David Sinclair’s level 3: Reversing aging with the Yamanaka factors

In my last post, I outlined David Sinclair’s anti-aging levels 1 and 2. Whereas levels 1 and 2 can, at best, slow the aging process, level 3 has the potential to provide a real cure for aging. At level 3, at least in theory, we can completely reverse the age of an entire organism by introducing the Yamanaka factors.

Yamanaka factors

In 2012, Shinya Yamanaka and John Gurdon were awarded the Nobel Prize for Physiology or Medicine for the discovery that mature somatic cells can be converted to stem cells by introducing just four transcription factors (Oct3/4, Sox2, Klf4, and c-Myc). These so-called induced pluripotent stem cells (iPSCs) have properties that are very similar to embryonic stem cells; that is, they can be turned into any specialized somatic cell, such as a skin cell or a heart cell.

Shinya Yamanaka

Shinya Yamanaka

However, for our purpose here, the most interesting feature of iPSCs is that the age of these reprogrammed cells is reversed. For instance, according to the current most accurate aging biomarker, the Horvath clock, the age of iPSCs is essentially 0. Likewise, the telomere length is restored as well.

Rejuvenation procedure

David Sinclair (and others) want to use this remarkable feature of iPSCs to reverse the age of cells not only in vitro but also in vivo, that is, in multicellular organisms. Obviously, you can’t just turn specialized cells into stem cells in a living organism. If you turn a heart cell into a stem cell, it can no longer do its job in the heart and instead will cause cancer. However, Sinclair believes that it is possible to avoid this problem by working with a subset of the Yamanaka factors (without c-Myc) and by limiting the reprogramming time.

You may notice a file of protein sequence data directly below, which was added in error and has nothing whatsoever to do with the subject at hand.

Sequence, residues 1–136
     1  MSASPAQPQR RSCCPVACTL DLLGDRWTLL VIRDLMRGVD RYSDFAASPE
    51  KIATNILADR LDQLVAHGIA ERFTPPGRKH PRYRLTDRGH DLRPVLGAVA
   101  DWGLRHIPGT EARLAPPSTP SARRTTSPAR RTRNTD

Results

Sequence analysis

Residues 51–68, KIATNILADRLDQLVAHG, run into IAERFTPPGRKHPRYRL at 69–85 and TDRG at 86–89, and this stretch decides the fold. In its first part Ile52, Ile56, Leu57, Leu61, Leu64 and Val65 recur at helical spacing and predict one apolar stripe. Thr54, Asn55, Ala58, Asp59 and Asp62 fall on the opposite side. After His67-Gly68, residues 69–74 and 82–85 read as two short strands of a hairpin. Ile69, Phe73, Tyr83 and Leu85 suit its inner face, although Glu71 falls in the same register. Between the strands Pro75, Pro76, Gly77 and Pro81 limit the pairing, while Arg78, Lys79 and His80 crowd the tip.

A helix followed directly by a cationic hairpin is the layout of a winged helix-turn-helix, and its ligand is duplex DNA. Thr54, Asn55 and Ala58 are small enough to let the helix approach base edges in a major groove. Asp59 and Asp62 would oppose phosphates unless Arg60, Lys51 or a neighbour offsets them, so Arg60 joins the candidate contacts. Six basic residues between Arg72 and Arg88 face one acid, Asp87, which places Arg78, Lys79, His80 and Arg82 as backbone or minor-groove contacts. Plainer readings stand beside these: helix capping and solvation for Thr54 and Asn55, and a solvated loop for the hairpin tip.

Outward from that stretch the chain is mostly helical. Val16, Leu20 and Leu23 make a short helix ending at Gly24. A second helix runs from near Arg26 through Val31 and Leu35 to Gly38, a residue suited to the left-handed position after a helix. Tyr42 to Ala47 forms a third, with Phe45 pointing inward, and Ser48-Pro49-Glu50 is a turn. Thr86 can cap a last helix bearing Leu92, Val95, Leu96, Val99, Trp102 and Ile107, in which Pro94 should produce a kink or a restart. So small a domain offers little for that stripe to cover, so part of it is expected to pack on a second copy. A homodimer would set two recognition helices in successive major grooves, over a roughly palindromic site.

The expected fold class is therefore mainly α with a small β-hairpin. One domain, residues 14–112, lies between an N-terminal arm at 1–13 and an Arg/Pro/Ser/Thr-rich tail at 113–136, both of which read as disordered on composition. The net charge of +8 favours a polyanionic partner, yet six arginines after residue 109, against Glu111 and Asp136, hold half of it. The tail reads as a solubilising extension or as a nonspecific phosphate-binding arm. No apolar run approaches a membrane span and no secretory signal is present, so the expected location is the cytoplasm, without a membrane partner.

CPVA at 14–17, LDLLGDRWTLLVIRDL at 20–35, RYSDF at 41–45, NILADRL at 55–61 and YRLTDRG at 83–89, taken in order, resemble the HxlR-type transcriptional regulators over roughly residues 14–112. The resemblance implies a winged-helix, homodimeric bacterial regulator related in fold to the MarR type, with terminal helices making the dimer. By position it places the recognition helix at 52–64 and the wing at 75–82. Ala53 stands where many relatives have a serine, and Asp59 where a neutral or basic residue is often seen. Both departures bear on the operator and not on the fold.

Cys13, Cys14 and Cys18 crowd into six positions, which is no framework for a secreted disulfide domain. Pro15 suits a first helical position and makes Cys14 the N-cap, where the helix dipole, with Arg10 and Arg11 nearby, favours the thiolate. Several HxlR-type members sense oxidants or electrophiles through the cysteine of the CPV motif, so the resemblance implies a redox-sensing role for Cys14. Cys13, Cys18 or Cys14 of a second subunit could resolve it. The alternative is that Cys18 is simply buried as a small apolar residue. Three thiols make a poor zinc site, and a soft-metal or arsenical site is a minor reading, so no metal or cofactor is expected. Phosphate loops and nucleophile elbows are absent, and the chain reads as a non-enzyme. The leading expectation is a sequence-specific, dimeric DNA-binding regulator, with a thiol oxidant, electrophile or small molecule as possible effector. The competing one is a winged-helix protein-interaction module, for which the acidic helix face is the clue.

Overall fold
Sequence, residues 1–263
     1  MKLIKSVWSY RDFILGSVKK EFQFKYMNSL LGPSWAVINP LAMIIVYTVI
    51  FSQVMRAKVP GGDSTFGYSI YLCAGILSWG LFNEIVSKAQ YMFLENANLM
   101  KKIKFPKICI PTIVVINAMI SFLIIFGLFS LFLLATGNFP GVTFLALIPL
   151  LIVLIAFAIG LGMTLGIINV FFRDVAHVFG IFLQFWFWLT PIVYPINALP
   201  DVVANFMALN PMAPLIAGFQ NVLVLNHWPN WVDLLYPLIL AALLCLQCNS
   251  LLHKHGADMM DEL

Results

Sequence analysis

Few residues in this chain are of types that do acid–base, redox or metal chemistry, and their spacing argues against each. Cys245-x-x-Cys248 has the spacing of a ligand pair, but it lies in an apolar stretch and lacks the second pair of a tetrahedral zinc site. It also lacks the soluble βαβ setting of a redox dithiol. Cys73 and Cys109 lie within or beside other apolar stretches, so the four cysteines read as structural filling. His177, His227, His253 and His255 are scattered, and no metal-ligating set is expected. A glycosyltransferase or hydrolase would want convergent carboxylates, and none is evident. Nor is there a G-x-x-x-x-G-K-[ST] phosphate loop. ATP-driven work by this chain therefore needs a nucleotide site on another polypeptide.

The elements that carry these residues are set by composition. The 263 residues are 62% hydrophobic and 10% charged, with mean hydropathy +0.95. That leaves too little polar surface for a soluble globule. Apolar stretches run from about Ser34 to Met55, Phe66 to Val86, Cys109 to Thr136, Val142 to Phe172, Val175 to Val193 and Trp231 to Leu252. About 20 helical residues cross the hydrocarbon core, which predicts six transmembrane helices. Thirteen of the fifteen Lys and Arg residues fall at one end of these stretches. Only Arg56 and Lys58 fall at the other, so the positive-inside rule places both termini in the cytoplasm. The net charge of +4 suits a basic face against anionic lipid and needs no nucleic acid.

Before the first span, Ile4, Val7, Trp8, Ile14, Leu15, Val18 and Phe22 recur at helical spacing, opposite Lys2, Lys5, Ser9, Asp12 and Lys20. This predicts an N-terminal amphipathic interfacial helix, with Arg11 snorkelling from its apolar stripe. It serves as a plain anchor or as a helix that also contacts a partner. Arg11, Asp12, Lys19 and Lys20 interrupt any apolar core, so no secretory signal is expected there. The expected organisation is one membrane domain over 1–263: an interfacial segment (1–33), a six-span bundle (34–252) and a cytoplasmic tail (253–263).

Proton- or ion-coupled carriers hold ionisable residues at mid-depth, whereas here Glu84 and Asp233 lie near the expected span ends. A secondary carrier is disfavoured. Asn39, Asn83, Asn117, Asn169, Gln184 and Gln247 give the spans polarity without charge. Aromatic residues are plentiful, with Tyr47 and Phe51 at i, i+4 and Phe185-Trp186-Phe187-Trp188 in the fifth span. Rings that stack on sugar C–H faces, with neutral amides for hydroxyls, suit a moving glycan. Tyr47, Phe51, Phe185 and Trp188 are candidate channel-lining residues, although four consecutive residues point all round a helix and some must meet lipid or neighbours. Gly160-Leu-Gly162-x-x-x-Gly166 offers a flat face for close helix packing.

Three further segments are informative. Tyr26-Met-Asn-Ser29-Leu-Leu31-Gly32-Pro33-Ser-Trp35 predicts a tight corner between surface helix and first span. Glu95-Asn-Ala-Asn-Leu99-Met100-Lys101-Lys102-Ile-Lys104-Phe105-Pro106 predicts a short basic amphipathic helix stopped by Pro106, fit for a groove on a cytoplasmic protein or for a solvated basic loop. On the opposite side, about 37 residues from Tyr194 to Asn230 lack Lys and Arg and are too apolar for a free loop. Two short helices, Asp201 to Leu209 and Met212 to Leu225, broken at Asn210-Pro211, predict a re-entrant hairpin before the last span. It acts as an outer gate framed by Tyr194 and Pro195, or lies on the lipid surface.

The rejuvenation procedure that Sinclair proposes works like this:

  1. With the help of an engineered adeno-associated virus (AAV), the DNA of all cells receive new genes (a combination of the Yamanaka factors). However, these genes are inactive at first.
  2. In addition to the Yamanaka factors, a failsafe switch is inserted that allows the activation of the Yamanaka factors by administering a certain molecule, such as doxycycline.
  3. To start the rejuvenation process, doxycycline is given for a certain time. This activates the combination of the Yamanaka factors, which reverses the age of all cells without turning them into stem cells. After this, the treatment with doxycycline is discontinued.
  4. The rejuvenated cells restart the aging process. Thus, after the cells reach a certain age, you must take doxycycline again.

This sounds like science fiction; however, the technologies used (iPSCsC technology gene therapy and controlled gene expression) are not really that new and are more or less well established. What’s new is to use this combination of these technologies for reversing the age of multicellular organisms. In fact, Sinclair’s team successfully applied these technologies in the optic nerves of aging mice to restore their vision and Juan Carlos Izpisua Belmonte was even able to prolong the lifespan of mice.

Reprogramming of cells in living tissue cries for cancer because even if it is possible to prevent somatic cells from turning into stem cells, errors during reprogramming in a small number of cells should significantly increase the likelihood of further mutations that eventually cause cancer.

However, through fine-tuning of the procedure, the risk can probably be lowered. With the rapid progress in cancer research thanks to recent advances in cell biology, new treatments such as immunotherapy will probably eliminate the terror of cancer in the not-too-distant future.